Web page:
In a recent report entitled “Unaccommodating: Rental Wage in Canada,” the Canadian Center of Policy Alternatives calculated the “rental wage” for cities across Canada. This “rental wage” is defined as the hourly wage required to afford to rent an average two-bedroom apartment using no more than 30% of their income.
The highest average rental wages were found in Toronto, ON ($33.70/hr) and Victoria, BC ($28.47/hr), followed by Calgary, AB ($26.97/hr) and Ottawa, ON ($26.08/hr). When considering downtown cores, however, rents grow even higher. For example, the rental wage for a two-bedroom apartment in Toronto’s downtown is estimated at $73.17/hr and in Vancouver’s downtown it is closer to $60.93/hr. This forces many people to move to outlying areas where commutes are longer and often require a car to travel. Montreal was identified as a notable exception, as affordable neighbourhoods continue to abound in the downtown core and public transit is more extensive.
One reason for high rents is associated with fewer new apartment buildings, with many developers preferring to build condominiums instead. Renewed efforts by the federal government to develop affordable housing units is expected to ease the market but targets are lower than previous efforts in the 1970s and 1980s.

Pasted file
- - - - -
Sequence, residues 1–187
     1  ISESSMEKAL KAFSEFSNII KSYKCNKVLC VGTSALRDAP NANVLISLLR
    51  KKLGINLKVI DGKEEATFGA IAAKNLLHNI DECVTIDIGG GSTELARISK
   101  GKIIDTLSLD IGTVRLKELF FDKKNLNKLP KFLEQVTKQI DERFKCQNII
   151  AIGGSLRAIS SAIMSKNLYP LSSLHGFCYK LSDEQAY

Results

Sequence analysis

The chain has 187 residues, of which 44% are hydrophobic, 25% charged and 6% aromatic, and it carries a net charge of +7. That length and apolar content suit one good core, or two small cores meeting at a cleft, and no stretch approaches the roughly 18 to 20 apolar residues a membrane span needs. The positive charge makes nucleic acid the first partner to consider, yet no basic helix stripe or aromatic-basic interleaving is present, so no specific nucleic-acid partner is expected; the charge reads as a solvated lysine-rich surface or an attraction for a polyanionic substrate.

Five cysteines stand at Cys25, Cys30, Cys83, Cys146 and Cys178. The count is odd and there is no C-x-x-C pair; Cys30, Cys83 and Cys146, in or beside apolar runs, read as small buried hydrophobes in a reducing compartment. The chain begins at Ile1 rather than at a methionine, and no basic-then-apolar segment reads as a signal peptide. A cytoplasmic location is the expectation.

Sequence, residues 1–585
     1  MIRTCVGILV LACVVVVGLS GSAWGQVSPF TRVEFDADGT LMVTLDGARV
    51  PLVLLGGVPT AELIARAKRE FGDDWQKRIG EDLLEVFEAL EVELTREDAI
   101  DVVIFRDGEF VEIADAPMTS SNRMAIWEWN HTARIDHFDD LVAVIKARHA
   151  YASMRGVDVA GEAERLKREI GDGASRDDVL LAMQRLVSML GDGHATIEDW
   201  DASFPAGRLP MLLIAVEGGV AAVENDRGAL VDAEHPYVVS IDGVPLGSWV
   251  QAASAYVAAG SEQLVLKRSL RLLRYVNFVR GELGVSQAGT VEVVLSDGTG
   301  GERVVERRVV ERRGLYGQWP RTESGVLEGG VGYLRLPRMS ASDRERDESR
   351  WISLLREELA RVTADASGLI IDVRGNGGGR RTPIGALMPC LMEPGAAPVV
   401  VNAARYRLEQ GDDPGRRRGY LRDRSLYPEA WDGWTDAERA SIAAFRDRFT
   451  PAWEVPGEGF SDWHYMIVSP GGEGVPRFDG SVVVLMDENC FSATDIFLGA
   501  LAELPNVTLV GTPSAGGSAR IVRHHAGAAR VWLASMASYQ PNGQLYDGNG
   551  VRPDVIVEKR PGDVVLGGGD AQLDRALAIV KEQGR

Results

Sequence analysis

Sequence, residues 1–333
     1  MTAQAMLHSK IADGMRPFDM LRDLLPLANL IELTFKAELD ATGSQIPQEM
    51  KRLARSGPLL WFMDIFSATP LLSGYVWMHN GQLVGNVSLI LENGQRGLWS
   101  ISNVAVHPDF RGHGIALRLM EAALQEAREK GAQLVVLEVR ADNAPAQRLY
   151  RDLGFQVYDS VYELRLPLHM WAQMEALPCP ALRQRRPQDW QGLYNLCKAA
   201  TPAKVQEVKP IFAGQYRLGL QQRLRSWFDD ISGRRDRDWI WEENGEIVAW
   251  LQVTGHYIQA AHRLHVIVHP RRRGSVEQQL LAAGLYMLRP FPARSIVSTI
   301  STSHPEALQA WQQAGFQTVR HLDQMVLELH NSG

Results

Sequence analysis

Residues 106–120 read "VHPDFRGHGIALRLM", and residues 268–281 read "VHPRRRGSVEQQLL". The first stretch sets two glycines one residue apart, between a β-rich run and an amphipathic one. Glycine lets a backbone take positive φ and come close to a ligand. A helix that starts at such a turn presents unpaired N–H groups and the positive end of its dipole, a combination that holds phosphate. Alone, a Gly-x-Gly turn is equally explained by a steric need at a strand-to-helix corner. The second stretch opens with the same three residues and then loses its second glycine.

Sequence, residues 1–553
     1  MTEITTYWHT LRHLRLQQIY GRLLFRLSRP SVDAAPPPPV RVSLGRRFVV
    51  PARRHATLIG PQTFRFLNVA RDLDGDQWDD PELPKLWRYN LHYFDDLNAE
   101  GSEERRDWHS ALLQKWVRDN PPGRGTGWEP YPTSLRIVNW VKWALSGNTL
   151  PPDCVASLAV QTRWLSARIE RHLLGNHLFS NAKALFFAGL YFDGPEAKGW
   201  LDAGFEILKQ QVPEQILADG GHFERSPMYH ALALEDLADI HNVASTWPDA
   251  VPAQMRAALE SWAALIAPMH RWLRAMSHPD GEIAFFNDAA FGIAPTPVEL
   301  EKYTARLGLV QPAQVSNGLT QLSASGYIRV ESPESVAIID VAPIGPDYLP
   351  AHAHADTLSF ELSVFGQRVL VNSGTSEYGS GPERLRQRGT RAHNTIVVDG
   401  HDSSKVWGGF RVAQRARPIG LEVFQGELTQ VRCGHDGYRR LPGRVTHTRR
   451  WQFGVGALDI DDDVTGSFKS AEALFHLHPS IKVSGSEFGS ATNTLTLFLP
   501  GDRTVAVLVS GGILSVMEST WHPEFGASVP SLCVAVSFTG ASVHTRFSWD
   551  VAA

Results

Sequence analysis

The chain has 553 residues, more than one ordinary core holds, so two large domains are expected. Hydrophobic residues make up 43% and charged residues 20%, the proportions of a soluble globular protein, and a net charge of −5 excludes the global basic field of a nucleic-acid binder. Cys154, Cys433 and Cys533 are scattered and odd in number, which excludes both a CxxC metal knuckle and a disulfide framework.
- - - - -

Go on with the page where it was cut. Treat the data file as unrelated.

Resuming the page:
On The Move recently investigated the relationship between housing prices, commute times, and labour supply in the construction industry, with a focus on Toronto and Vancouver, in a report found here entitled “Impact of Rising Housing Prices in Canada’s Big Cities: A Report for BuildForce.” While we found no studies that directly linked these factors, one study found that high housing prices in Toronto were forcing people to live in outlying areas, and that nearly 40% of people were commuting more than an hour to work each way every day. While some studies found that people could not afford to participate in long work commutes for low wages, others found that people in Toronto had little choice but to participate in long commutes for work. The lack of affordable housing in these cities was found to be a strain on families, with more than 100,000 people on a wait list for subsidized housing and 20% reporting living in overcrowded housing.
These factors could be hurting recruitment efforts in the construction and other industries. To rectify the labour shortage, we recommended construction of more affordable and subsidized housing units, as well as improved public transit.